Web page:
Count Strahd was a strong warrior in his father’s armies, and from the lands he conquered in war he created the land of Barovia, on which he then built Castle Ravenloft. Life after war changed the warrior into a dark person, so he decided to make a pact with Dark Powers of the shadowfell in order to achieve eternal life.

Strahd then fell in love with a beautiful lady of the village, Tatyana, but she loved his younger brother Sergei instead. Strahd murdered his brother and drank his blood, sealing his pact with the Dark Powers and becoming the first vampire. Tatyana fled from him, and threw herself from the walls of the castle, dying.

Today, Strahd is cursed to live trapped in Barovia, which was transported to a demiplane surrounded by fog, whilst being tormented by the repeatedly resurrected soul of Tatyana, a love he is forced to reunite with and lose eternally.

  • Strahd is the main antagonist in Curse of Strahd, a remake of the much popular module Ravenloft which originated the campaign setting of same name;
  • He is a very charismatic character, although evil and soulless. He believes there’s no salvation for himself, and enjoys tormenting the people of Barovia;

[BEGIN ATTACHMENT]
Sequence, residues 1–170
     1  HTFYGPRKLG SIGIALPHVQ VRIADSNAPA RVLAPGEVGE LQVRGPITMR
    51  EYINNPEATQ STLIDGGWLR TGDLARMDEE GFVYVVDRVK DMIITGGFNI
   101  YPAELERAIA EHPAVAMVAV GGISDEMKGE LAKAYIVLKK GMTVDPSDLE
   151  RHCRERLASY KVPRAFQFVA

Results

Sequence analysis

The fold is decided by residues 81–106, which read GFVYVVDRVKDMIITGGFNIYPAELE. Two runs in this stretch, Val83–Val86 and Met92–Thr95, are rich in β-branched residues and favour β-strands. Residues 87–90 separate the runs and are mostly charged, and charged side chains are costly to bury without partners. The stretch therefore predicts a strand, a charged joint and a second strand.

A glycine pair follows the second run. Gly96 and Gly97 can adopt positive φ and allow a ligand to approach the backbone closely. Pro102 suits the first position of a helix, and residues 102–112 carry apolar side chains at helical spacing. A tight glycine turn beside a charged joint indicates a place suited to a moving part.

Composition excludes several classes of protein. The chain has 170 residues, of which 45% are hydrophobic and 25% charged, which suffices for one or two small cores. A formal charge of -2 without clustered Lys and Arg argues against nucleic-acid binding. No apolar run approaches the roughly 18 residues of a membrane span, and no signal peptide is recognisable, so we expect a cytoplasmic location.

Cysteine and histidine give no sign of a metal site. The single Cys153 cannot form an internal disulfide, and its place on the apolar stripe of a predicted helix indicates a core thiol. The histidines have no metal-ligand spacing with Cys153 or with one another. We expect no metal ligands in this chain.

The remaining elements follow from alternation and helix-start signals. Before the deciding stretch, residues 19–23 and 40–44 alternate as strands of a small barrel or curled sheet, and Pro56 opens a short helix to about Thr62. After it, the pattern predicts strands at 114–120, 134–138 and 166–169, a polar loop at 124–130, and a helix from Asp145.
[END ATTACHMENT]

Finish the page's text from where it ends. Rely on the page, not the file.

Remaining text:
• So popular is Strahd that he also appears in several novels and videogames;
  • Strahd broke the stereotype of a mindless monster in a dungeon and became one of the first vampires with a true personality in the game;

Despite how interesting the Count might be, he is not as powerful as other villains on this list. His stats in Curse of Strahd depict him as a CR 15 enemy. Sometimes, the most memorable villains are not necessarily the most powerful ones. This is certainly true with Strahd von Zarovich.

The Dungeons and Dragons universe has some really fascinating villains, but sometimes our favorites are the ones our DM created just for our campaigns. Did you miss someone on the list? Who was the most memorable villain you ever faced? Tell us in the comments!

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With all his expertise and knowledge on how to hack dragons with spells and swords, Gustavo never imagined adventuring could be ever funnier from behind a PC's screen.